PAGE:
Walking through Cabot Yerxa’s intriguing, rambling adobe structures built on erratic terrain is to experience the whims of a Renaissance man. This is not a place anyone is likely to stumble upon by accident. Situated on a rural back road near Desert Hot Springs in Southern California, Cabot’s Pueblo Museum juts out from rocks and cacti, welcoming visitors who have read or heard stories about this strange compound.
Approaching on Desert View Avenue, you come to an entrance gate that accommodates cars and small RVs. (The staff advises owners of larger rigs to enter through the exit gate and go up to the third level to park.) From the parking areas, visitors can wander the grounds dotted with interesting buildings built of crude faux adobe; however, it’s the buildings’ interiors that tell the real story of Cabot Yerxa and his fascinating life.
After paying the entrance fee, we watched a short video that outlined Cabot’s background and told how he arrived at this once-remote outpost. And then we learned more about the man as we toured the five-acre compound and the odd structures he assembled from mud and abandoned cabins.
Cabot’s parents, Frederick Yerxa (the name was changed at Ellis Island from the Dutch “Jurckse”) and Nellie Cabot, moved from Boston to the Dakota Territory and then Minneapolis/St. Paul to seek their fortune, which they eventually attained—and later lost. By the age of 15, young Cabot Yerxa was managing one of the family’s grocery stores, supervising 23 employees. But then wanderlust compelled him toward a different path.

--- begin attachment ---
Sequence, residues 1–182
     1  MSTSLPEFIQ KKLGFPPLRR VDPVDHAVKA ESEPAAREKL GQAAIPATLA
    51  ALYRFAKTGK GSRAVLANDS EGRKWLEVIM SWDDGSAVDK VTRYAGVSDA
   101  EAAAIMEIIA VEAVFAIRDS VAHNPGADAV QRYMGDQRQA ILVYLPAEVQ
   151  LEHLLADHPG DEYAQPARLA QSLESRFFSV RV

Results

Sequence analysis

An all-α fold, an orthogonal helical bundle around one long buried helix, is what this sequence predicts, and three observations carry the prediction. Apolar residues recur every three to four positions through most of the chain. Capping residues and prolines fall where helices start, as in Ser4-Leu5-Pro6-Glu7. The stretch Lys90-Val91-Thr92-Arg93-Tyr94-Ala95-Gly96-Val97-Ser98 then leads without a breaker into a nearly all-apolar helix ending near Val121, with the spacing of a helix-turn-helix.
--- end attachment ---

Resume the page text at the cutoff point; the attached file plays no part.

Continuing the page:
North to Alaska
In 1900, he invested his $1,700 in savings to buy cigars, chewing tobacco and jerky, and took a train to the West Coast, where he boarded a ship for Nome to take advantage of the Gold Rush. Once in Alaska Territory, he set up business in a tent, part of which he rented out for extra income. When his tenants moved on, his finances dried up. But before he returned to the states, he spent time with the Inupiat First Nations tribe, recorded their language and later sold his translations to the Smithsonian Institution.
Taking advantage of training from his youth, he opened a grocery in Moorpark, California, where he met land developer L.W. Coffee. Cabot moved to what is now Desert Hot Springs and in 1913 became one of the area’s first homesteaders. He encouraged Coffee to come to the area, and it was Coffee who succeeded in turning this forbidding area into a lavish resort community. Coffee prospered; Cabot did not, but he lived the life he loved as he carved out a monument to his eclectic abilities, making the most of his inherent ingenuity and knack for recycling the spoils of the desert.
When he first settled here, Cabot had to walk seven miles to the train station in Palm Springs to get water. Then, he learned about the aquifer that was to give Desert Hot Springs its name. The first well he dug bubbled with 132-degree water, but he drilled a second well 600 yards away and found cold water. Well-digging eventually became a source of income.